But if Christians are required to turn the other cheek, where does that leave the Christians in uniform, the women and men doing the work of both the Lord and the government?

“You can love people, but if you’re performing one’s duty as a person, you have to be able to lay down your own ideas for the protection of your fellow citizens and family,” Kingham says. “I think we’ve seen that throughout the history of the United States. If an enemy comes to my front door, I’m not going to negotiate, I’m going to try to protect my family. . . . There’s a difference in protecting your interests and protecting your person. In the case of protecting the innocents and the defenseless, I think we have a responsibility as a nation, with all the might we have, to protect ourselves.”

Members of a traditional peace church like the Quakers, naturally, don’t see things the same way. The University Friends Meeting’s Cornwell specifically rejects the front door analogy: “[The Sept. 11 attacks] were a crime. If you think of it in terms of a burglar coming onto your property, you have the right to defend your property. But once they leave your property, it’s the responsibility of police. You can’t chase them, or shoot them in the back. Anything else, that’s vigilantism.”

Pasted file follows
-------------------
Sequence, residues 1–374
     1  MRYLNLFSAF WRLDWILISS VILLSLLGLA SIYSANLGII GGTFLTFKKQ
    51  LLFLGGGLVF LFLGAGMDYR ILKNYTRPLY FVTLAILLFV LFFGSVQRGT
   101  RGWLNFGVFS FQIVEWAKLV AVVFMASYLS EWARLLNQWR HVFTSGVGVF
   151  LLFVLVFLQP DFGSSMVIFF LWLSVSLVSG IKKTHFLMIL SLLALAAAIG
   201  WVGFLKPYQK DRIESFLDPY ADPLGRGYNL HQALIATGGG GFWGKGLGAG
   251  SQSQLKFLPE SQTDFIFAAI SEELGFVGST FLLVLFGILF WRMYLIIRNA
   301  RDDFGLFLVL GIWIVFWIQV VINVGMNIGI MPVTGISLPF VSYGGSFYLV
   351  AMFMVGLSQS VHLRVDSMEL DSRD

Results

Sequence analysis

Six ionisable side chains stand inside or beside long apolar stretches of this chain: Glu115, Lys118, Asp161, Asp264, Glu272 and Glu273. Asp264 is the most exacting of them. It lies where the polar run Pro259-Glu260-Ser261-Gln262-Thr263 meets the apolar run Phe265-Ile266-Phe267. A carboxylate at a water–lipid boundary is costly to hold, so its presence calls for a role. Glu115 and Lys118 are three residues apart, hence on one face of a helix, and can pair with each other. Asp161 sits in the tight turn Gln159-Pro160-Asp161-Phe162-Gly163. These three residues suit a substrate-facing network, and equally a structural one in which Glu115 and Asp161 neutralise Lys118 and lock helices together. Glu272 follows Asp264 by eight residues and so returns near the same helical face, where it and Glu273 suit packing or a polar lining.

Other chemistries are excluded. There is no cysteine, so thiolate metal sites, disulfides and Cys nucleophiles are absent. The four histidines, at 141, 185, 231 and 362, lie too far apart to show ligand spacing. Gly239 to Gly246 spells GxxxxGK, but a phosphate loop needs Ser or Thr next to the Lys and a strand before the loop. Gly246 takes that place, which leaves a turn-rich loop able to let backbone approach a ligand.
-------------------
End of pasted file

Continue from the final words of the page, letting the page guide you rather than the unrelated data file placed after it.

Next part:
Within the city, many of the most visible religious communities and leaders have concerns about either Afghanistan’s humanitarian crisis or the war itself. Support for war and patriotism seems much higher in the suburbs, and higher still in the rest of the state and country. In part, that’s the culture of Seattle. But even within Seattle, it seems likely that a lot of the people coming into and through services that preach healing and the commonality of humanity are coming out the other side still wanting the U.S. to wage war. Boonstra, who spearheaded the drive last week to get Pacific Northwest religious leaders and groups to sign on to a call for a pause in the bombing, explains the difference between the messages heard by worshippers and those heard by pollsters: “A large part of what religious communities are about is helping walk people through the spiritual journeys in their lives. It’s a journey, not an end point. The fact that a large number of people are participating in their [faith] communities is a reflection that they are searching. . . . It takes time, which is why it’s done Saturday after Saturday, Sunday after Sunday, Friday after Friday. All week long we are confronted and surrounded and overwhelmed by media messages about fighting back, and so it takes time and perseverance for the faith communities to identify real truths. Trying to put ourselves on higher spiritual ground is in many ways countercultural. The disconnect doesn’t represent a contradiction between religious teachings and the religious community, but rather identifies what the journey is about.

“The classic case is the death penalty. There’s no basis for this in religious teachings. Most [Christian faiths] have condemned it. Yet it is popular.”